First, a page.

WN revolutionized air travel and so did its many imitators. And revolutionaries are never liked, even more so they are controversial. They are unabashed proponents for change, rather brash and forceful (remember Herb Kelleher?) entities that will stop at nothing to accomplish their goals. I presume that the [US] Founding Fathers were controversial with the British establishment in their time.
At any rate, WN has a successful business model, makes money consistently, has many imitators - the highest form of flattery they say - and is unapologetic about the way it goes about its business. I can sympathize with the plight of the people at legacy carriers, had to let a few people go in my times, but this is capitalism. And capitalism, especially the Anglo-Saxon model (this is not a jab, just an observation), is a brutal Darwinian environment. One of the reasons WN is both controversial and successful is because of the fact that it managed to shift both industrial relations (i.e. labor management) and customer relations from confrontation to cooperation. Although, unionized WN works actively with its staff to make sure problems are addressed before they become work stoppages. If I remember correctly WN only had two strikes (corrections if I am not right are welcome).
Same thing with customers - try to keep most of them happy and do not empty their wallets totally and they will keep coming back. Address customer service problems before customers become disgruntled and go to a competitor. And more than anything fly to where the customers are - i.e. underserved markets.
Personally I am not a WN fan, have flown them a couple of times but I do not go out of my way to fly them. Yet, from a business perspective it is always interesting to look at their business model, labor relations and customer service.
On a productive note and to move this post forward here is a question - it appears to me that with the arrival of the 737NG WN's fleet is really not that standardized any more. Although they may look the same I presume that the 737-300 are very different in their systems than the 737-700. Doesn't this erode their competitive advantage somewhat and increase their training and maintenance costs? Any comments are welcome.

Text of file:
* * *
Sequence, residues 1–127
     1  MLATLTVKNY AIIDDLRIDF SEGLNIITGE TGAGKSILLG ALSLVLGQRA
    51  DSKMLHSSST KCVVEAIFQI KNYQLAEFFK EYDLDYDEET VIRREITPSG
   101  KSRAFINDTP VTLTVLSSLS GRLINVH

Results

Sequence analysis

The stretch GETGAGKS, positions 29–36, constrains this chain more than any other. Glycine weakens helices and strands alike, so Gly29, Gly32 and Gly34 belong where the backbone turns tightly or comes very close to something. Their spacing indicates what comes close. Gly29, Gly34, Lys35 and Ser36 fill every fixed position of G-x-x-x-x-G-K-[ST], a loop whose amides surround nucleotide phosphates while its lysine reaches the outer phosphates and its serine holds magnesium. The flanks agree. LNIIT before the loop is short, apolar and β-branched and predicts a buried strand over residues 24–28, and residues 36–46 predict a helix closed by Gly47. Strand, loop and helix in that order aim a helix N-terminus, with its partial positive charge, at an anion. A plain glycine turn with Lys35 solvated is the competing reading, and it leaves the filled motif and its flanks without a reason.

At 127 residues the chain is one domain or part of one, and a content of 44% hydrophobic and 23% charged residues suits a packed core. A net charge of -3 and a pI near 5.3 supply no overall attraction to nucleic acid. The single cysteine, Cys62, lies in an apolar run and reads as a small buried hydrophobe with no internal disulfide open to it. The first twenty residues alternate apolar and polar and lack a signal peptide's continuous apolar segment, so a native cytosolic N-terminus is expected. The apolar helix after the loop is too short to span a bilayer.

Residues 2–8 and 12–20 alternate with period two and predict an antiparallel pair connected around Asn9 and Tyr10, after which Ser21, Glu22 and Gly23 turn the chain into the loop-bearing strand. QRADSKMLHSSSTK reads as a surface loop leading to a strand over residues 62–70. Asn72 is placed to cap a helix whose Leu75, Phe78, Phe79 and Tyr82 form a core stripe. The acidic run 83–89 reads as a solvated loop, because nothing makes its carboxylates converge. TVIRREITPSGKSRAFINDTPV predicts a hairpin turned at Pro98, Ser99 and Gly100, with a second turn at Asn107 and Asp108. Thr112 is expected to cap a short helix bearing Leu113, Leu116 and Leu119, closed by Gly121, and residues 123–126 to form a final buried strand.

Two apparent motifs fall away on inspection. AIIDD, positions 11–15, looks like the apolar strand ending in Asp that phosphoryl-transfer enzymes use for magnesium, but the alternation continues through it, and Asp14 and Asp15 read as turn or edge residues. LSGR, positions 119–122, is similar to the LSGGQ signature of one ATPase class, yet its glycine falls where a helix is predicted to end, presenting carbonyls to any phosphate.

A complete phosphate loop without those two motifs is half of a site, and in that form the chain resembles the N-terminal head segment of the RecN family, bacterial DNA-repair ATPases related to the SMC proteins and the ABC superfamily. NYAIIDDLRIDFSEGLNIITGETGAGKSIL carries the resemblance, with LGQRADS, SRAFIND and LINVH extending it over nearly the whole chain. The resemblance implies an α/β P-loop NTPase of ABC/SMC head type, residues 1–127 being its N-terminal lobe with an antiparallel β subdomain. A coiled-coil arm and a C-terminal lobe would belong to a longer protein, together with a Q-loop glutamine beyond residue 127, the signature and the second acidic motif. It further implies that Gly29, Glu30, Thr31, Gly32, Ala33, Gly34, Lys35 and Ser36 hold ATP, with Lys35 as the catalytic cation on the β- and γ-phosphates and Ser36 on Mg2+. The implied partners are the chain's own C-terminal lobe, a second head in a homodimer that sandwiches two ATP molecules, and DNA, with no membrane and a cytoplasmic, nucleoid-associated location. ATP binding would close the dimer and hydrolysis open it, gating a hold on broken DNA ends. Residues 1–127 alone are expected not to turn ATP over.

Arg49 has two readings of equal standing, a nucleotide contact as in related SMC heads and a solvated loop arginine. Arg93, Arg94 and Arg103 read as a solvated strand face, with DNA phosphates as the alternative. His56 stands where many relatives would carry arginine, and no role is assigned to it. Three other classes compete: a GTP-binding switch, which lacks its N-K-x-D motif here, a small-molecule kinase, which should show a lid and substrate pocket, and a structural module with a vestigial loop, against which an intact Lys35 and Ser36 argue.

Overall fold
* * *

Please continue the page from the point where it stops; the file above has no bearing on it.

Luv2fly From United States of America, joined May 2003, 12019 posts, RR: 50 Reply 18, posted (9 years 1 month 4 weeks 1 day 14 hours ago) and read 6762 times:
Well said and good points. It is amusing to hear what people say and then comment on if the price is right they will bow down and use WN or shop at WalMarts, if you really wanted to show these companies then be true to your so called morals and do not give them your money, like Herb has said to numerous letter writers who have complained once to often "I am sure we are going to miss seeing you"!
Dtwclipper From , joined Dec 1969, posts, RR: Reply 19, posted (9 years 1 month 4 weeks 1 day 14 hours ago) and read 6737 times:
"Before southwest, most airlines were the Pan Am's, the Easterns', the Braniff's, etc... High Fares, high class of service, and only a certain percentage of the population were able to fly. This made flying a privaledge. Southwest airlines came along and basically made it possible for anyone to fly, whether it be your college student going from Lubbock back home to Houston to see his parents on a weekend, or your family of working class folks going on vacation to florida from Chicago."
AH, and it was really a pleasure then. We got dressed up to travel, we were treated well, and service was great. No flip flops, tank tops, spandex, cut offs, and everyone else took the bus.
WN has no First nor Business, no international service, and as far as I know no airport lounges. Why bother?
JET1977 From United States of America, joined May 2004, 66 posts, RR: 0 Reply 20, posted (9 years 1 month 4 weeks 1 day 13 hours ago) and read 6707 times:
In my opinion, others might be a little worried that WN setting will set the industry standards for service: no-frills, no-assigned seating, no-movies etc., etc; for all airlines. WN is such a threat to US Airways, that US has to develop "GO" fares. This also happens in other markets with WN, where the majors are forced to lower fares to compete with WN. To keep up with WN & other LCC's, the majors are going to have to cut passenger services ( BTW this is already happening with Buy on Board meals and other little service cuts, that people are accustomed to recieving) and eventuall adopting WN's practices and phasing out thiers. The controversy comes from the fear that the Majors' service will fade away and all airlines level of serivec, at domestically, will be just like WN. Similiar to how people say, "Flying on an Airliners isn't as prestigous as it used to be" about the golden days of flying, people will talk about how the service isn't what it used to be when DL and UA were flying.
Planespotting From United States of America, joined Apr 2004, 3492 posts, RR: 5 Reply 22, posted (9 years 1 month 4 weeks 1 day 13 hours ago) and read 6588 times:
I value the "golden days" of aviation just like the next romantic pilot airplane lover type, but those days are over! You can sit down and continually mope about how things used to be and how they're just not the same all you want, but it's not gonna change anything one damn bit.
I personally think it's nice that tank tops short shorts and flip flops are considered flying attire these days